What I've always admired about Adrien Brody is his project-choosing process. He takes on big studio flicks like King Kong and Predators from time to time, but for the most part he's a maverick, sticking to independent or avant-garde fare in which he's able to express himself with artistic integrity through unorthodox narratives. Such is the case in Wrecked, his new film that sounds like Danny Boyle's 127 Hours on paper but is far more disconcerting than that true tale of survival.
The story begins at the bottom of a featureless ravine inside a broken-down car that's apparently been run off the road. In the passenger seat is an unnamed Man (Brody) who is trapped in shotgun while the body of a stranger rots in the backseat. Adding to this disturbing scenario is memory loss - the Man can't recall how he got there or who he is. As dehydration, starvation and exhaustion set in, the line between reality and delusion blurs and the audience goes on a strange trip of rediscovery with the enigmatic prisoner.
While the linchpin in Boyle's film is James Franco's performance, Wrecked relies more on the atmospheric direction of Michael Greenspan, who makes his feature debut with this surreal picture. That's not to say that Brody doesn't deliver an unnerving portrayal of a man in a grave situation. As he moans and writhes in and out of his seat you can't help sympathizing with him, though screenwriter Christopher Dodd concocts a backstory that removes whatever remorse you had for him at times while piquing your curiosity at others. He heightens the anxiety of the unknown with a spooky score, longer-than-average shots and a few bizarre situations. The natural environments and minimalist screenplay aid the filmmaker in creating his eerie tone despite the picturesque setting, which would be calming if not for some perplexing hallucinations related to the Man's past predicament.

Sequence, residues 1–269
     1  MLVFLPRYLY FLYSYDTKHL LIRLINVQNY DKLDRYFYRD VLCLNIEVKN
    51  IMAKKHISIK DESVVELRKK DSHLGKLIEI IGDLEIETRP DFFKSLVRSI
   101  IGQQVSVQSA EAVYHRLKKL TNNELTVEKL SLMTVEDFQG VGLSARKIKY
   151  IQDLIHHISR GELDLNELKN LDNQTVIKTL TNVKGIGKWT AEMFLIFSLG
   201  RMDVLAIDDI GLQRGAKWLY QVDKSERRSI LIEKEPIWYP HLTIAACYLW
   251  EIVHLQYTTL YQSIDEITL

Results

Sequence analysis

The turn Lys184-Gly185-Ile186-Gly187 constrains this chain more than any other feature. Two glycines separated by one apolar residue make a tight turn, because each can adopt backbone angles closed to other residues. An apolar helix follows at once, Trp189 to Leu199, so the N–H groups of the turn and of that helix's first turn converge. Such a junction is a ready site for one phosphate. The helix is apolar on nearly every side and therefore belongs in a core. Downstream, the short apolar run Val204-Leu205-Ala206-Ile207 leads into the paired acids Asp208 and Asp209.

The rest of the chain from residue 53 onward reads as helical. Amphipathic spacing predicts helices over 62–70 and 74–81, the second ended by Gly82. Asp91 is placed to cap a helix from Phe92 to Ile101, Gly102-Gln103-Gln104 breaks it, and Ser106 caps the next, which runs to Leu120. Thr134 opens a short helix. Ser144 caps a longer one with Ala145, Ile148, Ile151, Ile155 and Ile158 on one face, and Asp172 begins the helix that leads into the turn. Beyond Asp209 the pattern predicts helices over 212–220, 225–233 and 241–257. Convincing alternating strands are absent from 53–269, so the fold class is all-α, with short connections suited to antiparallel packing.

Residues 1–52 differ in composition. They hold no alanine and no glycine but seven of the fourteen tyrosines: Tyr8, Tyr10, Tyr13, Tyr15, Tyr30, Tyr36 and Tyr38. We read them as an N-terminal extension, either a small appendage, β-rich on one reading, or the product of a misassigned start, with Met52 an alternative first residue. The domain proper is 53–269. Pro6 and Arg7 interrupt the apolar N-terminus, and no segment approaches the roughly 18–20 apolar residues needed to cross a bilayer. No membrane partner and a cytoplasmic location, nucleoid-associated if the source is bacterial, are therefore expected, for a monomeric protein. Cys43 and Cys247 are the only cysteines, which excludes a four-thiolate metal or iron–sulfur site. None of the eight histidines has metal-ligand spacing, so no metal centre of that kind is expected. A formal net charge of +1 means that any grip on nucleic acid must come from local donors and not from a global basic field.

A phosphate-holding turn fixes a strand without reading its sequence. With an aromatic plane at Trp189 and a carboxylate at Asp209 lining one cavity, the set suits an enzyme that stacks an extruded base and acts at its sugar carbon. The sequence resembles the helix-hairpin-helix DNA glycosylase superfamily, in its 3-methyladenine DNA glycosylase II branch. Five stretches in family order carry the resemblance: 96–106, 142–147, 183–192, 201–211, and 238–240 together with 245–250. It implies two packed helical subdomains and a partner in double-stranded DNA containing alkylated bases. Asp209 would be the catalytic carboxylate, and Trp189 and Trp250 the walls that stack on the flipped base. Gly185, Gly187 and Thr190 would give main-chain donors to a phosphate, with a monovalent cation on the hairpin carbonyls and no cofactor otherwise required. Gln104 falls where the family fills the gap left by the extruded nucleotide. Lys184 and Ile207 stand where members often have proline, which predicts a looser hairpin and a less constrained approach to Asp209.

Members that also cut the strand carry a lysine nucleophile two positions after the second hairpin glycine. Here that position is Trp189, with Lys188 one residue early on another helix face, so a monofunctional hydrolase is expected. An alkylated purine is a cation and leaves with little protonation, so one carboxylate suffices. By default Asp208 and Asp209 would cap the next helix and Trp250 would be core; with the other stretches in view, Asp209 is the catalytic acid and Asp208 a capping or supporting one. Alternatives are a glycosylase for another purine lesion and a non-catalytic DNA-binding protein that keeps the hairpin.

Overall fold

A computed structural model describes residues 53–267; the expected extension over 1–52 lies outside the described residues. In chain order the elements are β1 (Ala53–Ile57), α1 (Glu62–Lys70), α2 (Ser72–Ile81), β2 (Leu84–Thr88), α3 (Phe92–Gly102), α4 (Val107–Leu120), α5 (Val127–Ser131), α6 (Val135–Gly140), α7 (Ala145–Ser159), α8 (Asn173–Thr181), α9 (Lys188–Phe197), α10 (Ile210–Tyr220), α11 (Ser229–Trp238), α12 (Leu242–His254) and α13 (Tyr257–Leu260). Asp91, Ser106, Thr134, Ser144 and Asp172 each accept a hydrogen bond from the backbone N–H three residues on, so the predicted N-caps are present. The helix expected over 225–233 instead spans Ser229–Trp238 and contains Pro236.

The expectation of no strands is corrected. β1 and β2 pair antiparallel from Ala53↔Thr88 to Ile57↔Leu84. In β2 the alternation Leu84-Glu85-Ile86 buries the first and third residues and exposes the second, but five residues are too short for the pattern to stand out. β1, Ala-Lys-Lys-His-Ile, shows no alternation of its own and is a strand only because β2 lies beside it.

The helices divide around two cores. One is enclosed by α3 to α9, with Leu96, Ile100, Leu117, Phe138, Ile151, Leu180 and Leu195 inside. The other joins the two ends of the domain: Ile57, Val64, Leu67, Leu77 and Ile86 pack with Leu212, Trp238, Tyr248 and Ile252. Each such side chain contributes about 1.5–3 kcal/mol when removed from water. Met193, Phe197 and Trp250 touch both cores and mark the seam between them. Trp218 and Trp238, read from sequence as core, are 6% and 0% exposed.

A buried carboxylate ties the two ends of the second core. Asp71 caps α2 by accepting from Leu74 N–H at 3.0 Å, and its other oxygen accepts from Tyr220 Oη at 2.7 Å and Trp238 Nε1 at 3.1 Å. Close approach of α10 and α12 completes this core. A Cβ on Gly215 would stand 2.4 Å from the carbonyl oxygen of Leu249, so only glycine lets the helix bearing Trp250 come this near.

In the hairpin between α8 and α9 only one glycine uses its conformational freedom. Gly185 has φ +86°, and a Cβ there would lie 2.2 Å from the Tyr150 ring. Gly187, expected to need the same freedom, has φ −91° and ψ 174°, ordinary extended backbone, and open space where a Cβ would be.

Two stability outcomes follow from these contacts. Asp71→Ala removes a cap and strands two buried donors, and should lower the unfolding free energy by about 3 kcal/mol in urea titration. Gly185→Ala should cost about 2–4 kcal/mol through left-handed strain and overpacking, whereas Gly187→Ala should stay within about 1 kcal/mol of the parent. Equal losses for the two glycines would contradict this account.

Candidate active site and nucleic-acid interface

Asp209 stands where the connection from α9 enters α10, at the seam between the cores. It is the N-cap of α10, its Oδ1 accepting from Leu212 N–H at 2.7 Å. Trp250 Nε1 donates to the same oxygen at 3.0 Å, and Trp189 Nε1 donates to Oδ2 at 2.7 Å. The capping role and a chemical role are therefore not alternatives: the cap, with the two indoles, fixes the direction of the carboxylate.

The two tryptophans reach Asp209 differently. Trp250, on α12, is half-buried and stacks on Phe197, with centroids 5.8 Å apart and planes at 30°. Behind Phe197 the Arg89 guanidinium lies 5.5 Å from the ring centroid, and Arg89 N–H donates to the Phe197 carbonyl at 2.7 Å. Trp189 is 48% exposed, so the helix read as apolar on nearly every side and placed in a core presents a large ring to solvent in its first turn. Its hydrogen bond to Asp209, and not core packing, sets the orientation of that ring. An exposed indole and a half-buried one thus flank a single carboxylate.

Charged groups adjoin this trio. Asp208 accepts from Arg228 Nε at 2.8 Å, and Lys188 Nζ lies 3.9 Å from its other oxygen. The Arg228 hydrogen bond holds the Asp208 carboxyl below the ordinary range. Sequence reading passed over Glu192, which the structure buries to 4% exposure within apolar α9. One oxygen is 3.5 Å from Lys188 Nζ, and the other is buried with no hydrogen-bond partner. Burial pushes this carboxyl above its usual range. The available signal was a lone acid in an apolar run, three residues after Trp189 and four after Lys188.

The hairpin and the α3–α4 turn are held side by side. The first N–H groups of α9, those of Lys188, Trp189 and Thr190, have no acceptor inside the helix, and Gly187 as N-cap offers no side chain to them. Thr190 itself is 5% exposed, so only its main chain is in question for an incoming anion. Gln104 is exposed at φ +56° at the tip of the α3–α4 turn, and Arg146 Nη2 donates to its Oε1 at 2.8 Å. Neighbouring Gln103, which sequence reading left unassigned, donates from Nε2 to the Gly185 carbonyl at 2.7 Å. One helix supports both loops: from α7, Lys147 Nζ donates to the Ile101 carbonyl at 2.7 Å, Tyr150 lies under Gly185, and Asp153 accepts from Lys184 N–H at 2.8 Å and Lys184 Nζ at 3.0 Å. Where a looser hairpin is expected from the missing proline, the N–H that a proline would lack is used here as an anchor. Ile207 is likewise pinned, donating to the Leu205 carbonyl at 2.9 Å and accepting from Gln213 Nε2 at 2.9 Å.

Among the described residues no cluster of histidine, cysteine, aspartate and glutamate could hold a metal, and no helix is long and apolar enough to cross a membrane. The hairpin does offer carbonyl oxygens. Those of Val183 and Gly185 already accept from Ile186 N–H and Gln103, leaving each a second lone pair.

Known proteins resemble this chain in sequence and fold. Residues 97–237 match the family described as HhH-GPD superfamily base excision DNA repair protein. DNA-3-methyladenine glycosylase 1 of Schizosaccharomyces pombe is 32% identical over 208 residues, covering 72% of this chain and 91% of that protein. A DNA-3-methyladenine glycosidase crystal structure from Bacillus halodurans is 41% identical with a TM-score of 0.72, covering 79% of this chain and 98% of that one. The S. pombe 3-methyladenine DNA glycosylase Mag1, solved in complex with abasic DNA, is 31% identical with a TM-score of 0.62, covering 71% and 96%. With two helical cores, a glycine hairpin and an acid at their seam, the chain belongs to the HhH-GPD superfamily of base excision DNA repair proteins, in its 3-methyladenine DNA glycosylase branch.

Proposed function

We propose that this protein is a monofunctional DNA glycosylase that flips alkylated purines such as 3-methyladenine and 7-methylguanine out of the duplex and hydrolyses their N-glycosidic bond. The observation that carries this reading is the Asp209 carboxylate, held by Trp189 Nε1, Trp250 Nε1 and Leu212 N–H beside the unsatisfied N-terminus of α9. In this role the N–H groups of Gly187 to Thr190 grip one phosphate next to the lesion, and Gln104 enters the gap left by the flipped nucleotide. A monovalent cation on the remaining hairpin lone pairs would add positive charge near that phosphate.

Unfortunately, the bare bones script is also the biggest problem with Wrecked as the film, like its protagonist, doesn't really go anywhere. The revelations come far too quickly, resulting in a boring, anti-climactic effect. Even though there's some distressing fun to be had while getting to the finish line, it's a sterilized psychological thriller that brings to mind films like Brad Anderson's The Machinist but fails to achieve that level of ambiguous magnetism.
Hollywood.com rated this film 2 1/2 stars.